On Tuesday's News Stream, we talked about the "millions of gamers" rushing out to buy and play Call of Duty: Black Ops.
I am one of those gamers.
By day, I produce News Stream. At night, I squeeze out whatever time I have to venture online and play games.
And I'm not alone. This year marks the 25th anniversary of Super Mario Bros. There is a generation that grew up with Nintendo, took PlayStations to college, and are now carrying a passion for games into adult life. But finding time to actually indulge that passion is harder than ever.
It's the irony of growing up: With greater spending power comes greater responsibility. We can afford the games we coveted and saved money for as children; we just don't have time to play them.
Thankfully, there seems to be a strange sort of solution at hand: Games are getting shorter. Alright, that's a blanket statement that is not entirely true. There are still epics like Grand Theft Auto and Mass Effect that have long campaigns. And more games have online multiplayer components that in theory never end. But games with short single-player campaigns are becoming ever more common. The last three games I finished were Medal of Honor, 007: Blood Stone and Halo: Reach. Each took less than ten hours to complete. The last Call of Duty game, Modern Warfare 2, took less than five hours to finish.
Judging by the number of friends I see playing online at 1am, carving out time for games is still a battle no matter how short they are. So if you'll excuse me: I have a game to play.
It's a good question: the ingredients for viral video success in the world's largest internet market aren't what you might think.
Admit it, we've all spent hours online checking out videos sent to us by our friends. I'm thinking the cutesy "Charlie Bit My Finger", the classic "Evolution of Dance", or even the video that put some sex appeal into the last U.S. Presidential campaign "Crush on Obama". Most people will have clicked onto YouTube to get their viral video fill.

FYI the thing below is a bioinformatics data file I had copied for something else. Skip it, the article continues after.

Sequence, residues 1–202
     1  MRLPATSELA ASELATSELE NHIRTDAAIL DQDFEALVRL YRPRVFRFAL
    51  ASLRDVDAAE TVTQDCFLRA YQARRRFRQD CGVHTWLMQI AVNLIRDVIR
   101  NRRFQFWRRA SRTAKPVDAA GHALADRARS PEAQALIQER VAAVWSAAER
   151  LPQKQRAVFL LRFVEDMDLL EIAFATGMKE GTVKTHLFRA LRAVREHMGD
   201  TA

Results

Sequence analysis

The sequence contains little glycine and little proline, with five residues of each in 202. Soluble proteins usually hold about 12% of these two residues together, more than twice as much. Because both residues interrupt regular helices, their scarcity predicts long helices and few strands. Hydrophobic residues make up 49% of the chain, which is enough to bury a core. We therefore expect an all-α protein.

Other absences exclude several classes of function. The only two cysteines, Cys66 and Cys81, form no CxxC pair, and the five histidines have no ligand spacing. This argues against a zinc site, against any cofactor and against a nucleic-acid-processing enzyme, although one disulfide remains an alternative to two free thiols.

But just a glimpse of the front page of Tudou.com, one of China's foremost video-sharing sites, and you get a glimpse of a different kind of online community.
The CEO of the company, Gary Wang, doesn't like to compare his site with YouTube too much. He told News Stream "On YouTube it's more often about dancing babies and cats and dogs and that kind of stuff, more cuddly subjects. In China, there's a fair amount of unsatisfied feeling".
That's clear to see when you look at a number of videos on sites like Tudou.
I'll give you an example. There's been huge outcry online against a police official's son in China's northern Hebei Province. He allegedly tried to flee the scene of a fatal car accident last month crying out "Sue me if you can...My father is Li Gang!". That's become a catchphrase for abuse of power among China's estimated 420-million netizens, and there are poems, music videos, raps and cartoons posted online all using that same ironic rallying cry. Chinese artist-activist Ai Weiwei has even uploaded his own contribution.
But it's not all anger. There's a lot of love on China's video-sharing sites too. One grassroots fundraising campaign has so far raised around $3000 for a grandmother forced to deliver heavy water bottles by bicycle in order to care for her disabled son.
As Gary Wang succinctly put it, in China "the Web 2.0 phenomenon is actually becoming a lot more powerful than it probably is in the U.S."
Something to think about next time you're watching Keyboard Cat.